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Interpreting the Evidence

Total Navy Personnel by State

  • Documents in this Activity:
  • Historical Era:

    Turn of the Century and WWI (1890 - 1930)

  • Thinking Skill:

    Historical Analysis & Interpretation

  • Grade Level:

    Middle School
    High School
    College University

  • Topics:

    Labor
    World War I

  • Primary Source Types:

    Written Document

  • Regions:

    New York State
    United States

  • Creator:

    NYS Archives Partnership Trust Education Team

  1. Load Total Navy Personnel by State, World War I, c. 1920 in Main Image Viewer

Suggested Teaching Instructions

Document Description
Chart showing how many U.S. Navy personnel each state and territory mobilized to fight in World War I, c. 1920. 

Historical Context
While the U.S. combat forces entered World War I relatively late in the war, many U.S. ships were dispatched to join the Allied navies to help deal with German submarines and U-boats.
Modern submarines received their first real wartime usage in World War I (1914-1918). Even with the global proliferation of submarines during the first few years of the 20th century, it was the Germans and British who first demonstrated their dangerous potential for undersea warfare in the Atlantic and Mediterranean during 1914 and 1915.
During the First World War, but prior to America’s entry, Congress passed the Naval Act of 1916. With the Naval Act of 1916, Congress authorized $500 million for a three-year program that aimed to build the Navy to be the equal of any navy in the world. The Naval Act of 1916 authorized 50 destroyers built over a three-year period. The plans called for the construction of 157 new war vessels of various types.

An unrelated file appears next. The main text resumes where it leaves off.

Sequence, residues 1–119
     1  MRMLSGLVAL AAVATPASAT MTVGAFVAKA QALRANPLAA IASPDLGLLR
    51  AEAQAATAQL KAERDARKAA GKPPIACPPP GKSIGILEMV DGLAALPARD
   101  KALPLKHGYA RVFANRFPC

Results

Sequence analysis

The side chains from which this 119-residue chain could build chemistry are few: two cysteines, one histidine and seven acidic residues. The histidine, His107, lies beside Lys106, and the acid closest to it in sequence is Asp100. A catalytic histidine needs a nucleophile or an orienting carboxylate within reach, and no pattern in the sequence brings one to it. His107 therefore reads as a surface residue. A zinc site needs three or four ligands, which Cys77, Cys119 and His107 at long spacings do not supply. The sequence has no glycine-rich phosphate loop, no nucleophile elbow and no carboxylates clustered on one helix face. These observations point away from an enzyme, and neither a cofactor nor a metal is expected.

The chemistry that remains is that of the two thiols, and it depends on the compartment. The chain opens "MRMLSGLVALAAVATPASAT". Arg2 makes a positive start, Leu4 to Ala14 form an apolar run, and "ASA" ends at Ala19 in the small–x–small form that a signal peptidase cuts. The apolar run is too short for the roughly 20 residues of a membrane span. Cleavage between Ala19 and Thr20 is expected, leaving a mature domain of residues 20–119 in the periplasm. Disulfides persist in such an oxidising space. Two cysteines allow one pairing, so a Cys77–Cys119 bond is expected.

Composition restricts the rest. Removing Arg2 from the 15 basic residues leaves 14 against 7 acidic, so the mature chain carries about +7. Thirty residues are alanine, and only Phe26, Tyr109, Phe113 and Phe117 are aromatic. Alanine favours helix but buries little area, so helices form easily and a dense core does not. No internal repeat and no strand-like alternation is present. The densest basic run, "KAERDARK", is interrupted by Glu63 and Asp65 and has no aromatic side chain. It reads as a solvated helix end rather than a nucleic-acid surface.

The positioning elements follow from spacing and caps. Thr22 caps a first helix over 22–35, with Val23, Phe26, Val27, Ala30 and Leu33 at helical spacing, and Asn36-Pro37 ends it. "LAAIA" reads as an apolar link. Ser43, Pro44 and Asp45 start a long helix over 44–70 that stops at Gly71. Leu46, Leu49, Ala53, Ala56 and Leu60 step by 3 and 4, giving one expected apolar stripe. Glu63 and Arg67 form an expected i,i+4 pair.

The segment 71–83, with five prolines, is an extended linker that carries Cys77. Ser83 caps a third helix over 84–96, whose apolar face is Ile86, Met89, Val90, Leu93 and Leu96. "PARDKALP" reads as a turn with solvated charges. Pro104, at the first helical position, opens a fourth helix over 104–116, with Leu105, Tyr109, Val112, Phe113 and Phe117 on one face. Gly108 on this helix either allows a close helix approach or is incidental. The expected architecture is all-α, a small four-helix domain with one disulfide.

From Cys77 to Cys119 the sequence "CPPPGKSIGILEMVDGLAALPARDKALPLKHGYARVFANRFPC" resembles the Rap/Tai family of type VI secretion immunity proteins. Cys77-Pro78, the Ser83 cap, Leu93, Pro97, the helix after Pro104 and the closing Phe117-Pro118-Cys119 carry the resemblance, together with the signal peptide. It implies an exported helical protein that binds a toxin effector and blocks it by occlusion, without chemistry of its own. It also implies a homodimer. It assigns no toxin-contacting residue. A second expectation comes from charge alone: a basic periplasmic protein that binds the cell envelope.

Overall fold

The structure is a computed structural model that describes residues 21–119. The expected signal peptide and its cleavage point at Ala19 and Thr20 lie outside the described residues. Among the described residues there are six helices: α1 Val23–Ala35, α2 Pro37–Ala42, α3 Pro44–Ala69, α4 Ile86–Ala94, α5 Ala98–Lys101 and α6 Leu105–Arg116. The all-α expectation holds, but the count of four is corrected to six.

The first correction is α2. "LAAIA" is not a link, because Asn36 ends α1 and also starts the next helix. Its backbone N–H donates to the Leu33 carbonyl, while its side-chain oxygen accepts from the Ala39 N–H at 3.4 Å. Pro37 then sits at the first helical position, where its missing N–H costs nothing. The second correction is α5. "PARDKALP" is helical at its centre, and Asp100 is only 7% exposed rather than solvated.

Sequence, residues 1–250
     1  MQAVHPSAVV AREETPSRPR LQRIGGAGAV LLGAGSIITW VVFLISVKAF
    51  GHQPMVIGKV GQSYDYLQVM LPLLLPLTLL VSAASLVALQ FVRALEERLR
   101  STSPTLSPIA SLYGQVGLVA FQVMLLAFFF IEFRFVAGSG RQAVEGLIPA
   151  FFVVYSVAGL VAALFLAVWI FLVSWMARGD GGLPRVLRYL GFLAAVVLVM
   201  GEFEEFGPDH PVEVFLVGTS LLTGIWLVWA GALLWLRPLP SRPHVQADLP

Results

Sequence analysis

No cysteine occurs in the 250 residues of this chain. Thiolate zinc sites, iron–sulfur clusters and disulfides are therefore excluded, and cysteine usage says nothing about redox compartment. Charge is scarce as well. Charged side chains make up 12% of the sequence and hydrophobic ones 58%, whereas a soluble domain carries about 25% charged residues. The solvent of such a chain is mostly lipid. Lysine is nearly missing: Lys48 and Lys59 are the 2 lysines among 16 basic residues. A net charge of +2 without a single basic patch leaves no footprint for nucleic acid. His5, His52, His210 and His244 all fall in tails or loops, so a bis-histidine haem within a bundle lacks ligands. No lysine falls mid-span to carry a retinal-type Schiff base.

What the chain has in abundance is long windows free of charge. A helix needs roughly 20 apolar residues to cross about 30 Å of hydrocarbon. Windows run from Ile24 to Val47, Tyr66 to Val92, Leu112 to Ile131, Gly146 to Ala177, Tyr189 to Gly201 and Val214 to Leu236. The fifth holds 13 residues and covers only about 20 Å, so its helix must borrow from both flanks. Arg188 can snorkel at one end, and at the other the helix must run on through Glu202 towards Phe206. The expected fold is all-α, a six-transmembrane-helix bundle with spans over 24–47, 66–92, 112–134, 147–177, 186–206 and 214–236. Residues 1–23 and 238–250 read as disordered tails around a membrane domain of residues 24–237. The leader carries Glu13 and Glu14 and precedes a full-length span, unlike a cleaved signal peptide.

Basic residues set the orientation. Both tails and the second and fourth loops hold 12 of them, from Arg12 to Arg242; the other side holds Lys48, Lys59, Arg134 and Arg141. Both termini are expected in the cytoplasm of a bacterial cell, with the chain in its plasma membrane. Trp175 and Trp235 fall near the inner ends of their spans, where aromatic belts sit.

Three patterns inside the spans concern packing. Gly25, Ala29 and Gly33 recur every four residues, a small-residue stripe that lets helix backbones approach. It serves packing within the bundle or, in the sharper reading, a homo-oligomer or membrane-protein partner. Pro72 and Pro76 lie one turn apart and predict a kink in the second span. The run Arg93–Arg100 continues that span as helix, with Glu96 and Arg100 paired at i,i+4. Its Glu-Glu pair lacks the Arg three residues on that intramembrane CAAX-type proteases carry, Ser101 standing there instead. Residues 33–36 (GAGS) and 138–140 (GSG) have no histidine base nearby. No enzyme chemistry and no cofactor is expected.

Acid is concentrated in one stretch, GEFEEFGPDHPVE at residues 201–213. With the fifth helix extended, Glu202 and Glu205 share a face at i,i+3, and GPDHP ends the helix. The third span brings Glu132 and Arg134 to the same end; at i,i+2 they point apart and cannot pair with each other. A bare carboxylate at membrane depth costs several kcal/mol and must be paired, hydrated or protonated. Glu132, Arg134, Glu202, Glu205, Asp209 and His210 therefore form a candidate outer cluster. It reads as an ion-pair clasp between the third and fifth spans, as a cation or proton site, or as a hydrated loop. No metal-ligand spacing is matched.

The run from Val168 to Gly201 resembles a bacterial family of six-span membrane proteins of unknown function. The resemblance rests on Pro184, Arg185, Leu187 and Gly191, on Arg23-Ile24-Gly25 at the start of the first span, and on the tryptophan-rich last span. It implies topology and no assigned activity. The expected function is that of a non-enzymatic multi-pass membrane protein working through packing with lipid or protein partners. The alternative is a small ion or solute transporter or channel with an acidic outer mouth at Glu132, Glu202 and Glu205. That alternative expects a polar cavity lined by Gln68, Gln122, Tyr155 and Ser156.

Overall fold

This document illustrates how many U.S. Navy personnel were mobilized to fight in World War I.  This chart includes both men and women enlisted personnel.
The first really large-scale employment of women as naval personnel took place to meet the severe clerical shortages of the World War I era. The Naval Reserve Act of 1916 omitted mention of gender as a condition for service, leading to formal permission to begin enlisting women in mid-March 1917, shortly before the United States entered the "Great War". Nearly six hundred Yeomen (Female) were on duty by the end of April 1917.  This number grew to over 11,000 in December 1918, shortly after the Armistice.
The Yeomen (F), or "Yeomanettes" as they were popularly known, primarily served in secretarial and clerical positions, though some were translators, draftsmen, fingerprint experts, ship camouflage designers, and recruiting agents.  The great majority were assigned duties at naval installations in the continental United States, frequently near their homes, processing the great volume of paperwork generated by the war effort.

Essential Question
Why is the collection and presentation of data important to the functioning of a society?

Check for Understanding
Summarize the information presented in the table and explain the differences between states with large contributions to the navy and those with small contributions.

Historical Challenges
Compare the # of U.S. Navy personnel from each state and territory that mobilized to fight in World War I with the # that mobilized to fight in World War II.

Interdisciplinary Connections
Math: Research the population from each state listed on the chart in 1917. Using the chart, calculate the % of the male population that joined the U.S. Navy.